Genetic Predisposition to Disease/genetics , Immune Evasion/genetics , Interferon Type I/genetics , SARS-CoV-2/genetics , 2',5'-Oligoadenylate Synthetase/genetics , COVID-19/pathology , Cell Line , HEK293 Cells , Host-Pathogen Interactions/genetics , Humans , Immunity, Innate/immunology , Interferon Regulatory Factor-7/genetics , Interferon-Stimulated Gene Factor 3, gamma Subunit/genetics , MicroRNAs/genetics , Polymorphism, Single Nucleotide/genetics , SARS-CoV-2/immunology , STAT2 Transcription Factor/genetics
5.
Viruses ; 14(1)2022 01 06.
Article in English | MEDLINE | ID: covidwho-1614005

ABSTRACT

The severe acute respiratory syndrome coronavirus-2 (SARS-CoV-2) is responsible for the current pandemic affecting almost all countries in the world. SARS-CoV-2 is the agent responsible for coronavirus disease 19 (COVID-19), which has claimed millions of lives around the world. In most patients, SARS-CoV-2 infection does not cause clinical signs. However, some infected people develop symptoms, which include loss of smell or taste, fever, dry cough, headache, severe pneumonia, as well as coagulation disorders. The aim of this work is to report genetic factors of SARS-CoV-2 and host-associated to severe COVID-19, placing special emphasis on the viral entry and molecules of the immune system involved with viral infection. Besides this, we analyze SARS-CoV-2 variants and their structural characteristics related to the binding to polymorphic angiotensin-converting enzyme type 2 (ACE2). Additionally, we also review other polymorphisms as well as some epigenetic factors involved in the immunopathogenesis of COVID-19. These factors and viral variability could explain the increment of infection rate and/or in the development of severe COVID-19.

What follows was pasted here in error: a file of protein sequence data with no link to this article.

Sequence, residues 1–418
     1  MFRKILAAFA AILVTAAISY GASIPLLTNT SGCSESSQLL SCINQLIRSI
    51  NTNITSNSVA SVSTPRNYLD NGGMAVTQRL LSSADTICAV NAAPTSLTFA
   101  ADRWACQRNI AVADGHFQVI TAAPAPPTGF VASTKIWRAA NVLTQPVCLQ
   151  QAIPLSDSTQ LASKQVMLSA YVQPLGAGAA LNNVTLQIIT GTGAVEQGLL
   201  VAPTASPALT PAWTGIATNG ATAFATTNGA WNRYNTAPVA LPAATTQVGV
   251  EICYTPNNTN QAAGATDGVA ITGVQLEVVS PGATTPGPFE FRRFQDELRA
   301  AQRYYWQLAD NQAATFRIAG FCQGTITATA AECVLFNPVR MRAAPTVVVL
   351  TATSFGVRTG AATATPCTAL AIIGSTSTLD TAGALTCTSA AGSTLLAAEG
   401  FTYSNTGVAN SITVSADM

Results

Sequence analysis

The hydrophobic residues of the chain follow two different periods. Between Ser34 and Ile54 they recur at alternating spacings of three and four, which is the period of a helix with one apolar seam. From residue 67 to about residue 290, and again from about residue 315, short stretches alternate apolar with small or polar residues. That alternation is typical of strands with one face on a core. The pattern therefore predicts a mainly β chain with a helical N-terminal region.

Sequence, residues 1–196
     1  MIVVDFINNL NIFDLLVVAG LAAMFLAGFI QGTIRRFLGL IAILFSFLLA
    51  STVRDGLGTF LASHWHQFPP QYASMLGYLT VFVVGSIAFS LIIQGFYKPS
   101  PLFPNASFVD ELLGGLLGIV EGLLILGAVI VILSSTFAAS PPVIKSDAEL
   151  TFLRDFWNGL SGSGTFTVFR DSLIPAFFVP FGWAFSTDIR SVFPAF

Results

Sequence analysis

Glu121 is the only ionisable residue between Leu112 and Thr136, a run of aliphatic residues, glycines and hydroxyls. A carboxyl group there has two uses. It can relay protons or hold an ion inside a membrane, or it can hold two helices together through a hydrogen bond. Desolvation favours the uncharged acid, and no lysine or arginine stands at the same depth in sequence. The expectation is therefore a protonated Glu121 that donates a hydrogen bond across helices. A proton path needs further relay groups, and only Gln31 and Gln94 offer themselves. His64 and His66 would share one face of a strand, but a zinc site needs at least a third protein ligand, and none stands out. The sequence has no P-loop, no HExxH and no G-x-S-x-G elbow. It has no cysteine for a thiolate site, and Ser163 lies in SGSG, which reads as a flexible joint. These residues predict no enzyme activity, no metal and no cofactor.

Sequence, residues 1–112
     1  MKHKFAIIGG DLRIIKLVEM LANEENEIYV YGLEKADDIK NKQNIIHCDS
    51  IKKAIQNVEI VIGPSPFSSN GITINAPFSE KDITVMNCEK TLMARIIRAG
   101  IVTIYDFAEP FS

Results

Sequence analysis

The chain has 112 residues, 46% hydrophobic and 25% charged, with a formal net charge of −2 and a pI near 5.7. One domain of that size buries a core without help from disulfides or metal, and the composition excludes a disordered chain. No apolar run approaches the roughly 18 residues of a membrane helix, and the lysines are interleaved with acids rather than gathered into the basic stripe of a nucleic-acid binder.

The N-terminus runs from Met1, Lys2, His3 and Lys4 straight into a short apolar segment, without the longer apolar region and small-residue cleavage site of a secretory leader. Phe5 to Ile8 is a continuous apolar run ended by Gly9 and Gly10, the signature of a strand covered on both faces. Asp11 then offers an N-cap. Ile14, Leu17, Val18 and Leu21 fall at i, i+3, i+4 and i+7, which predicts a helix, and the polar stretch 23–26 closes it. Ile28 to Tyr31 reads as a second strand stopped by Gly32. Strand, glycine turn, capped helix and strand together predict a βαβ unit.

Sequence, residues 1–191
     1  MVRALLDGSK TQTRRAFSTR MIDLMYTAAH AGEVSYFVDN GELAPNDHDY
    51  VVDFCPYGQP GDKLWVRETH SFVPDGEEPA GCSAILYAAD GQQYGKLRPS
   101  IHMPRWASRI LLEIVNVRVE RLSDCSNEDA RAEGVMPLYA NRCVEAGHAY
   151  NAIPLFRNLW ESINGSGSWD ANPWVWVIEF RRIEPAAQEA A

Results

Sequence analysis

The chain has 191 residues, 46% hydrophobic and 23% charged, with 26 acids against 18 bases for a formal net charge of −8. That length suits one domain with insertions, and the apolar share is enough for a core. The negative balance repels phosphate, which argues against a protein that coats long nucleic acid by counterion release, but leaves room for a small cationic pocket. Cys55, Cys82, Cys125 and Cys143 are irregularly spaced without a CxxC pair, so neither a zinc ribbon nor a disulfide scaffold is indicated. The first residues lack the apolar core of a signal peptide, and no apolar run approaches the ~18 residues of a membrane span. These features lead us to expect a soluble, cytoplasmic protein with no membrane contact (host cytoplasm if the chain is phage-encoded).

Subject(s)
COVID-19/genetics , Genetic Predisposition to Disease/genetics , Polymorphism, Genetic/immunology , SARS-CoV-2/genetics , Angiotensin-Converting Enzyme 2/chemistry , Angiotensin-Converting Enzyme 2/genetics , Angiotensin-Converting Enzyme 2/metabolism , Animals , COVID-19/immunology , COVID-19/virology , Genetic Variation , Host-Pathogen Interactions , Humans , SARS-CoV-2/immunology
6.
PLoS One ; 17(1): e0260897, 2022.
Article in English | MEDLINE | ID: covidwho-1613343

ABSTRACT

BACKGROUND: Coronavirus disease 2019 (COVID-19), caused by the severe acute respiratory syndrome coronavirus 2 (SARS-CoV-2), can manifest with varying disease severity and mortality. Genetic predisposition influences the clinical course of infectious diseases. We investigated whether genetic polymorphisms in candidate genes ACE2, TIRAP, and factor X are associated with clinical outcomes in COVID-19. METHODS: We conducted a single-centre retrospective cohort study. All patients who visited the emergency department with SARS-CoV-2 infection proven by polymerase chain reaction were included. Single nucleotide polymorphisms in ACE2 (rs2285666), TIRAP (rs8177374) and factor X (rs3211783) were assessed. The outcomes were mortality, respiratory failure and venous thromboembolism. Respiratory failure was defined as the necessity of >5 litres/minute oxygen, high flow nasal oxygen suppletion or mechanical ventilation. RESULTS: Between March and April 2020, 116 patients (35% female, median age 65 [inter quartile range 55-75] years) were included and treated according to the then applicable guidelines. Sixteen patients (14%) died, 44 patients (38%) had respiratory failure of whom 23 required endotracheal intubation for mechanical ventilation, and 20 patients (17%) developed venous thromboembolism. The percentage of TIRAP polymorphism carriers in the survivor group was 28% as compared to 0% in the non-survivor group (p = 0.01, Bonferroni corrected p = 0.02). Genotype distribution of ACE2 and factor X did not differ between survivors and non-survivors. CONCLUSION: This study shows that carriage of TIRAP polymorphism rs8177374 could be associated with a significantly lower mortality in COVID-19. This TIRAP polymorphism may be an important predictor in the outcome of COVID-19.